Staunton, February 8 – Most students of modern Russian history are familiar with the sign which appeared in Leningrad during the blockade in World War II declaring that “during an artillery barrage, this side of the street is more dangerous” than the other, but far fewer know why that was the case or what its implications have been.
As it turns out, both remain sensitive issues: Yesterday, Vladimir Malyshev posted an article about both on a Russian site, but today his essay has been taken down. Fortunately, it had been reposted elsewhere (stoletie.ru/territoriya_istorii/vozvrashhenije_mannergejma_419.htm as reposted at newsukrtime.com/novosti/95/29493-vozvraschenie-mannergeyma.html).
The reason that one side of a Leningrad street was more dangerous than the other, Malyshev says, is that the street was at the dividing point between the sectors of the city German troops were responsible for shelling and those Finnish troops were. The Germans shelled frequently; thanks to Marshal Karl Mannerheim’s order, the Finns did not.
“Was Mannerheim involved in the blockade of Leningrad?” Malyshev asks rhetorically. “Yes, to the extent that he turned out to be an ally of Germany. But he did everything that he then could in order not to storm or destroy the city on the Neva.”
But not all Russians feel so positively inclined to the Finnish general, the Russian commentator observed. When a bust of Mannerheim was erected in St. Petersburg in 2007, “certain veterans of the war and those who had lived through the blockade were openly upset.” How could Russia honor a Finn who had fought the Red Army and been on the side of Hitler?
Mannerheim, however, was no enemy of Russia, Malyshev says. Instead, the Finnish leader “was a passionate devote of all things Russian and of imperial Petersburg. He deified the tsar, was married to a Russian, and, when Hitler proposed he storm Leningrad, categorically refused to do so.”
Born in 1867, Mannerheim served in the Russian Army until the Bolshevik revolution, was close to Tsar Nicholas II, and worked as an explorer and tsarist representative in Peking – when he left that post, he sold his horse to another Russian officer, Lavr Kornilov, who later commanded anti-Bolshevik forces and who is also controversial in Russia today.
When he left Petrograd to return to Finland and he did so in the uniform of a general of the Russian Imperial Army, Mannerheim urged Finns to support the White Army of General Nikolay Yudenich in the Baltics against the Bolsheviks. The Finns refused because Yudenich like most White commanders effused to recognize Finnish independence.
After almost a decade in the Finnish political wilderness, Mannerheim in 1931 agreed to become chairman of Finland’s Defense Council and began to plan for the “inevitable” war with Moscow that came in 1940, a conflict in which the Finns inflicted enormous casualties on the Red Army but were forced to give up portions of their land near Leningrad to the USSR.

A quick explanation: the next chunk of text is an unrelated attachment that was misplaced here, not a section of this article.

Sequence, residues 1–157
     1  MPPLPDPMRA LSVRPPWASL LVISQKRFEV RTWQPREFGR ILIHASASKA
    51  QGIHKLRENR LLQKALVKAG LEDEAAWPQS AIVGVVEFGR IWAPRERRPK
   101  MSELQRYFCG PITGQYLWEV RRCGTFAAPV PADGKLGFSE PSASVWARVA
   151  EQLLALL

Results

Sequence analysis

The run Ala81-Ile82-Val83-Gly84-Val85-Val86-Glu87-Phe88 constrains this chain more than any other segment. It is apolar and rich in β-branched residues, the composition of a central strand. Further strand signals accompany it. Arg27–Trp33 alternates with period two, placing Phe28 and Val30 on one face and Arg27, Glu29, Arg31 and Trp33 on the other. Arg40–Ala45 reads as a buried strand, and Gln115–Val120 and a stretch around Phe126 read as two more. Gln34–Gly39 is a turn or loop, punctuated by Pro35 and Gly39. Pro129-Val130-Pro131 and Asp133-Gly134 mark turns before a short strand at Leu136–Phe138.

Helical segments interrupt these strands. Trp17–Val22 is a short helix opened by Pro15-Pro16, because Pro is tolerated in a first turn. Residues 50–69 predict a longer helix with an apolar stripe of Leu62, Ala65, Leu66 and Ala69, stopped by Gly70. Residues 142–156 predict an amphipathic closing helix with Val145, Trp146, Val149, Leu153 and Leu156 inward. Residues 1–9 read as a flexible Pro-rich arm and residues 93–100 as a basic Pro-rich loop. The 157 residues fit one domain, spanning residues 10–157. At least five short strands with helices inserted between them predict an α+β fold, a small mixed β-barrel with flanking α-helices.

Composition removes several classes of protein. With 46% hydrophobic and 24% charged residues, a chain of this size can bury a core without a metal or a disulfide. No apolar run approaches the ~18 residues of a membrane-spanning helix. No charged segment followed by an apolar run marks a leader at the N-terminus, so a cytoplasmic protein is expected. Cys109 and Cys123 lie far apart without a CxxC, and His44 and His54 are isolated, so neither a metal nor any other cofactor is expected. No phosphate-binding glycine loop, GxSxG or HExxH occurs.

What many do not know is that even though Mannerheim and his “line” is credited with Finnish success and became known as the “father of his country, the Finnish marshal in fact had urged his government before that conflict to shift the Finnish-Soviet border further to the West in exchange for compensation.
And Malyshev stressed that it was no Mannerheim who took the decision for Finland to fight alongside Germany against the USSR. That “was done by the Finnish parliament and only after Soviet planes on June 25, 1941 attacked air bases in Finland as a ‘warning’ bombing strike.”
Hitler did everything he could to win Mannerheim over, but the German leader did not succeed. The Finns advanced toward Leningrad and formed one part of the blockade, Malyshev says, but they did not attack the city. And “when the defeat of Germany became inevitable, Finland began to search for a way out of the war.”
Talks with the Soviet Union had achieved “definite successes,” the Russian commentator says. And in August 1944, Mannerheim became president of Finland, and the following month, he gave orders for Finnish forces to attack German ones. That change of course set the stage for Finnish-Soviet relations after the war.
According to Malyshev, “Stalin did not forget 1939 but he viewed the Finish marshal with his own unique respect, personally crossing out his name among the list of those accused in Nuremburg” where many others wanted him to face justice as an ally of Hitler.
In 2001, Russian President Vladimir Putin laid flowers on Mannerheim’s grave during his official visit to Finland, thereby becoming the first Russian leader who honored the memory” of the Finnish leader.
Malyshev’s retelling of this story is important because it underlines just how complicated history is and how difficult it will be for the Kremlin to impose a single view of the past. But fate of his article highlights something equally important: when history is complicated, the authorities in Russia now appear to prefer for nothing to be said rather than for the complexities to be aired.
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